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Southwold home of author George Orwell in 1930s to get plaque in his honour

PUBLISHED: 13:21 19 March 2018 | UPDATED: 13:21 19 March 2018

Montague House in High Street, Southwold, where author George Orwell lived in the 1930s. Picture: ORWELL SOCIETY

Montague House in High Street, Southwold, where author George Orwell lived in the 1930s. Picture: ORWELL SOCIETY

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The former family home of famed Nineteen Eighty-Four author George Orwell in Southwold is set to get a fresh plaque in honour of his literary legacy.

The existing plaque at Montague House, Southwold, which has been crumbling. Picture: ORWELL SOCIETY The existing plaque at Montague House, Southwold, which has been crumbling. Picture: ORWELL SOCIETY

Montague House in High Street was the family home of George Orwell – whose real name was Eric Blair – from 1932-39.

The Grade II-Listed house, which is privately owned, already has a plaque in place to recognise his residence there, but the Orwell Society has now submitted an application for a fresh plaque because the old one is crumbling.

The listed building consent application, submitted to Waveney District Council, is currently in the consultation phase but is likely to be unveiled later this spring if approved.

Barrow-based firm FA Valiant & Son Ltd has been commissioned to carry out the work.

Ann Kronbergs, trustee of the Orwell Society, said the plans had been lodged with the blessing of the home’s owner.

She said: “The lettering now is completely unclear and because it is crumbling Portland stone you cannot see it. Therefore it’s time to be given a more legible sign.

“It’s really important to commemorate the presence of George Orwell, Eric Blair, at that particular house.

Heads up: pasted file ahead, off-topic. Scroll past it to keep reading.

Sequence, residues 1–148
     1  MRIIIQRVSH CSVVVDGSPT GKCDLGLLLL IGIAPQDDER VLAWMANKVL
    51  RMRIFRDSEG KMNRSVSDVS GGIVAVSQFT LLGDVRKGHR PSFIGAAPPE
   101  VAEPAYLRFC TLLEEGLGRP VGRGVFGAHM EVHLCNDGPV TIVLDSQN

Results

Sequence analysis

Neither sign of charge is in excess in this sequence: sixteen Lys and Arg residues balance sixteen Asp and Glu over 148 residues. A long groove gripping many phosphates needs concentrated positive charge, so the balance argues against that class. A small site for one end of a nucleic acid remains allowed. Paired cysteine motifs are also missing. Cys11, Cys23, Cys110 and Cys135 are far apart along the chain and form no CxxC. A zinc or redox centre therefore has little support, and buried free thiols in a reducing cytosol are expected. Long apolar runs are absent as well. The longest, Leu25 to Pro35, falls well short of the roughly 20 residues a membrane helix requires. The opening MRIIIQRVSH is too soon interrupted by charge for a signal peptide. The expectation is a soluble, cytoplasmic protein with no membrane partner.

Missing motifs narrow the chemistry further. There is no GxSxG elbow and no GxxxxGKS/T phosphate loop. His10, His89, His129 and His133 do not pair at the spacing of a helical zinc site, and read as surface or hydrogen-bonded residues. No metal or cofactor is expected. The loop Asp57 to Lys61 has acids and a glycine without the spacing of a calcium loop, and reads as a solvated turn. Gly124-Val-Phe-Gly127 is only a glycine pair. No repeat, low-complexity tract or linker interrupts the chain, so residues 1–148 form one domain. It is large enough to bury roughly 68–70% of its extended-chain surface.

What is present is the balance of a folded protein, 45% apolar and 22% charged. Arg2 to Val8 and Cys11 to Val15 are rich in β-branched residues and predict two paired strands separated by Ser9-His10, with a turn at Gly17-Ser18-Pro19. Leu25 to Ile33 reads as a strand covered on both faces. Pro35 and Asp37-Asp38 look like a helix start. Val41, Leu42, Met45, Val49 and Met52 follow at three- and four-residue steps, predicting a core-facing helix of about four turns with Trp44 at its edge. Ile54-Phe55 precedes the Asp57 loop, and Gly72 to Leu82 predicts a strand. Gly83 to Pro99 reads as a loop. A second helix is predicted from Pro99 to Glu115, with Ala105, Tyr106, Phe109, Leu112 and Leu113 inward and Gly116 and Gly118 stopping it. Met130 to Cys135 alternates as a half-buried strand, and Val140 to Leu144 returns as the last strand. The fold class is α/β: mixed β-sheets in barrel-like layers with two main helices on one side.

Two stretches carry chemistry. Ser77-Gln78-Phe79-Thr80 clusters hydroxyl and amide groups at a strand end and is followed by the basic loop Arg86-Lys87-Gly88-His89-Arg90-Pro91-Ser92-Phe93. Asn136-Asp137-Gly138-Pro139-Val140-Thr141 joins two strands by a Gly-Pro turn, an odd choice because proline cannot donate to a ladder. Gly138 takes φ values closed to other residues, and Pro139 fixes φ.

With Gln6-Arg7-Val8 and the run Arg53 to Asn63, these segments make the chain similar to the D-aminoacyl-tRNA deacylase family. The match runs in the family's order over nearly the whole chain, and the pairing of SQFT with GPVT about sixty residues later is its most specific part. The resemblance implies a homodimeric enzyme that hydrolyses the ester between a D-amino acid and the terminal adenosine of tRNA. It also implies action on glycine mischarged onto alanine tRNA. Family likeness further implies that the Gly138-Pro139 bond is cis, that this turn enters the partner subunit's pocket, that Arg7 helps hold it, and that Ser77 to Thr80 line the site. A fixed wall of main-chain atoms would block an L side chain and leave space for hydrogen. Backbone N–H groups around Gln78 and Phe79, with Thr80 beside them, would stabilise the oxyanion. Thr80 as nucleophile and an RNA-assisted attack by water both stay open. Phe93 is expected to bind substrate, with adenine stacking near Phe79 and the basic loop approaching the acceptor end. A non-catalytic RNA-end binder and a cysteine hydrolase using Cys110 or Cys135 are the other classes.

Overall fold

“I am particularly keen to revive interest in the importance Southwold people and places had in the life led by the young Eric Blair because it was a very formative part of his life, and the time he spent there was very important for his initial stage as a writer.”

The home was where the author, noted for works such as Nineteen Eighty-Four and Animal Farm, resided following his service in Burma. First editions of his travel writing Down and Out in Paris and London were sent to Montague House, while his second novel A Clergyman’s Daughter was completed there.

Mrs Kronbergs said that some of Southwold’s influence made it into his work.

Knype Hill is the fictional name for Southwold in A Clergyman’s Daughter, while the character of Dorothy Hare is modelled on the gym mistress at St Felix School in the early 1930s, Brenda Salkeld.

The character of Julia in Nineteen Eighty-Four is also rumoured to be based on Eleanor Jacques – a friend who lived next door to the Blairs when they lived in Stradbroke Road, when they first moved to Southwold, although the origin of this is debated.

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